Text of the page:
Mainboard-listed RafflesMedicalGroup announced on Monday morning an 11 per cent rise in net profit after tax to $15.5 million for the third quarter of this year from $14.0 million for the same period a year ago.
Revenue grew 11.1 per cent to $94.5 million from $85.1 million for the same period last year.
Revenue from healthcare services grew by 16.4 per cent in Q3 2014, driven by a higher patient load, an expanding RafflesMedical clinic network as well as contributions from an increased provision of healthcare insurance services.
Hospital services revenue increased by 7.3 per cent in Q3 with the addition of new specialists to the group and higher inpatient admissions over the corresponding period last year.
Operating profit rose 8.1 per cent year-on-year to $18.2 million, despite startup costs arising from the expansion of the clinic network.
The company said it had a cash position of $124.5 million as at 30 September 2014 as a result of the strong operating cashflows from its business operations. This was after accounting for investment of $10.4 million in capital expenditure for business expansion as well as the distribution of interim dividends of $8.5 million to shareholders during the quarter under review.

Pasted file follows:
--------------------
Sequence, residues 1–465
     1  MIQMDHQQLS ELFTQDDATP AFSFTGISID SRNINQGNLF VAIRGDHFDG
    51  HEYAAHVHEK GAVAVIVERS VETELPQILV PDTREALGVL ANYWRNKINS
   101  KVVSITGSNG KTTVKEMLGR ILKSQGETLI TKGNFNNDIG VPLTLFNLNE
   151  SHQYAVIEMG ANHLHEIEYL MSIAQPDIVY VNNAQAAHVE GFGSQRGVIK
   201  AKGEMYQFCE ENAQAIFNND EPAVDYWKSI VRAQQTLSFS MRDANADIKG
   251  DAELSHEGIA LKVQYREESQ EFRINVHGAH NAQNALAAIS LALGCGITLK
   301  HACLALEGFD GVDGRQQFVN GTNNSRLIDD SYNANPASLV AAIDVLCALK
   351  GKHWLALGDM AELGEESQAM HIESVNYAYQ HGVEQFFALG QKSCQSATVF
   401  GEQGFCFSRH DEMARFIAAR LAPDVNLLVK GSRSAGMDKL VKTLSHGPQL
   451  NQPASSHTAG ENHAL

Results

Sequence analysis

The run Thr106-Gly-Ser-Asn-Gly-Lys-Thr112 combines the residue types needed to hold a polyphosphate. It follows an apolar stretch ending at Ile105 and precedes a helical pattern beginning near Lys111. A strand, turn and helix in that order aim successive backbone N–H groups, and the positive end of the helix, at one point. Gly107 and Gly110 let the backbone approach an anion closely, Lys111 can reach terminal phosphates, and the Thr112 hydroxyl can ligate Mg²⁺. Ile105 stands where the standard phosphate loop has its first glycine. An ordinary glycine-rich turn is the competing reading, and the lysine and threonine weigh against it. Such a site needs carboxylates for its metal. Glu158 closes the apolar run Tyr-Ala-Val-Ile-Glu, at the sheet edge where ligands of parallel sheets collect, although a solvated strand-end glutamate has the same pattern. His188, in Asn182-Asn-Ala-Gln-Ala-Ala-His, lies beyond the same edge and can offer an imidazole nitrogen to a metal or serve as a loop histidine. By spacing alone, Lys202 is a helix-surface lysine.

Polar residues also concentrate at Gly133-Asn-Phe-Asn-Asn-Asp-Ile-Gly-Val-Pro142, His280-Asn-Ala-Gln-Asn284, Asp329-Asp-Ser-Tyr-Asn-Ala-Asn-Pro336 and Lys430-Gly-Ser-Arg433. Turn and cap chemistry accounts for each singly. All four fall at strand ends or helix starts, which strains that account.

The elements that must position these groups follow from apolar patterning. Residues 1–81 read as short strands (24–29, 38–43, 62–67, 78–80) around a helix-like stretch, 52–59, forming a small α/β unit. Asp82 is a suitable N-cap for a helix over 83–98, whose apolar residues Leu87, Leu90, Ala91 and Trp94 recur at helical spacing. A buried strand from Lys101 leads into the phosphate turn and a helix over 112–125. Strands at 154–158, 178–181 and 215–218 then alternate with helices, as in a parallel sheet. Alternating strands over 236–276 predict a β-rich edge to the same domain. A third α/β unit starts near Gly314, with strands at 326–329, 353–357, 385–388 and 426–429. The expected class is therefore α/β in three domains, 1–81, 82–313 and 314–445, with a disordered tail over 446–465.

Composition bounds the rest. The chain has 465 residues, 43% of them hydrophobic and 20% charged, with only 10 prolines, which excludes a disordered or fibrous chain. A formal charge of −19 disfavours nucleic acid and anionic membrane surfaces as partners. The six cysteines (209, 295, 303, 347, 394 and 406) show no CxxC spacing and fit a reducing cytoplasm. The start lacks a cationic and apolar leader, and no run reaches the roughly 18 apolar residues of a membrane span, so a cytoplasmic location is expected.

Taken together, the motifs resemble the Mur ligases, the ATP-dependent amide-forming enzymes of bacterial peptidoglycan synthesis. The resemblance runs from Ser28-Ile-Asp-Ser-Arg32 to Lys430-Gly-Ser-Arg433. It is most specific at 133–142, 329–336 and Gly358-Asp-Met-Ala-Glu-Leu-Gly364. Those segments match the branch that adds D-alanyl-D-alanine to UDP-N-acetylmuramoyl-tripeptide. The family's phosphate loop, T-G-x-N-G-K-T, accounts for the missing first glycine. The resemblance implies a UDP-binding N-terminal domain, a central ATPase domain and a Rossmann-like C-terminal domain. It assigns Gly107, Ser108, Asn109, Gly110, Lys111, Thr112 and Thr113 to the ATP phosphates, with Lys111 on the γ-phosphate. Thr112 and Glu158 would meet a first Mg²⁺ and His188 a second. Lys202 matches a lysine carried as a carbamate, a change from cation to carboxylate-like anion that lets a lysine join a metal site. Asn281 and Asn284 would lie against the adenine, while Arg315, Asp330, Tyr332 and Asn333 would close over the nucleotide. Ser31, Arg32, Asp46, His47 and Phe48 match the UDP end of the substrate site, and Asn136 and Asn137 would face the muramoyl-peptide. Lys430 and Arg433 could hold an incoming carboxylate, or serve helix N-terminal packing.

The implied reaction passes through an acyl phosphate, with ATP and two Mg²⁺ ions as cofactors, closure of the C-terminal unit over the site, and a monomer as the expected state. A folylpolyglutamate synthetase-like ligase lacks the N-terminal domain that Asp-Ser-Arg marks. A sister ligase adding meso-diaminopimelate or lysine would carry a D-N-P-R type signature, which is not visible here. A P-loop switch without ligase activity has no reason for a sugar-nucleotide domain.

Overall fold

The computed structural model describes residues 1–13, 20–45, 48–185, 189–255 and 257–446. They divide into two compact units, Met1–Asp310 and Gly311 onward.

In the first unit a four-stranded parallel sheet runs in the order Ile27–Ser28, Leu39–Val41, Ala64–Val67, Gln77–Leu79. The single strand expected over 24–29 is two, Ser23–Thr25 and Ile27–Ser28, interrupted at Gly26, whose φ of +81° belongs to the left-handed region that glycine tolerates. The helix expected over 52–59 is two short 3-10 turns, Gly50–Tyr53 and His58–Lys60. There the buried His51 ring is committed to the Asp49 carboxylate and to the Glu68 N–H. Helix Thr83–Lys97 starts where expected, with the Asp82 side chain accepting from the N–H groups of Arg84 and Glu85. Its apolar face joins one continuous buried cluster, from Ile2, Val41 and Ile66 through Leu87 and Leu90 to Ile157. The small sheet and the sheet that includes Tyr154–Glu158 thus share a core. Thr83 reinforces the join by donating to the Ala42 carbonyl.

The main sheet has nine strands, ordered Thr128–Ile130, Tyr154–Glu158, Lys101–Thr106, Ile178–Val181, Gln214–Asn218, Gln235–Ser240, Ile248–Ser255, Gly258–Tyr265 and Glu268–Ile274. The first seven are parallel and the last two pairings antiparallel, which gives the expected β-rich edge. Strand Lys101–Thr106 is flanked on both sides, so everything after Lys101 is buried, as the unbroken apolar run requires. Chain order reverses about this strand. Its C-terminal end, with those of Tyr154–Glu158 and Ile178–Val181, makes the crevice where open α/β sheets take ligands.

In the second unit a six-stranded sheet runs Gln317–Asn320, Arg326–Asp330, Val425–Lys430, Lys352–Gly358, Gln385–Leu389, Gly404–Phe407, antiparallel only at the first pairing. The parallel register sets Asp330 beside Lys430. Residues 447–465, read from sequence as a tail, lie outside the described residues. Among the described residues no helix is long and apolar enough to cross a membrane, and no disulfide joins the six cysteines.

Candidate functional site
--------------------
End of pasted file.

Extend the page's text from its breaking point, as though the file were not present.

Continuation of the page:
RafflesHospital said it recorded a strong quarter-on-quarter growth as new specialists in Otorhinolarynology, Paediatric Surgery, Gastroenterology, Obstetrics & Gynaecology and Diagnostic Radiology joined the specialist team in Q3. The strong specialist recruitment drive is in line with the plans to expand several specialist centres, as well as the Emergency Department. This will progressively build up the breadth and depth of the hospital's capabilities in preparation for the new hospital extension.
Construction work on the 5-storey commercial building on the site of the former POSB Building in Holland Village is in progress. When the project is completed, approximately 9,000 square feet from a total gross floor area of 65,000 square feet will be dedicated to the expansion of medical and specialist services to cater to both local and expatriate patients, the company said. The remaining commercial space will be leased to DBS Bank and other upmarket retail as well as food and beverage tenants.
RafflesMedical said that with new public and private hospitals, as well as medical suites, being developed in Singapore and the region, the healthcare landscape will remain competitive and the more measured pace of economic growth in China, Hong Kong and Singapore may dampen general demand for healthcare.
But the ageing population in Singapore and the demand for healthcare services from patients in the region will continue to increase the overall need for reliable curative healthcare services, the company said.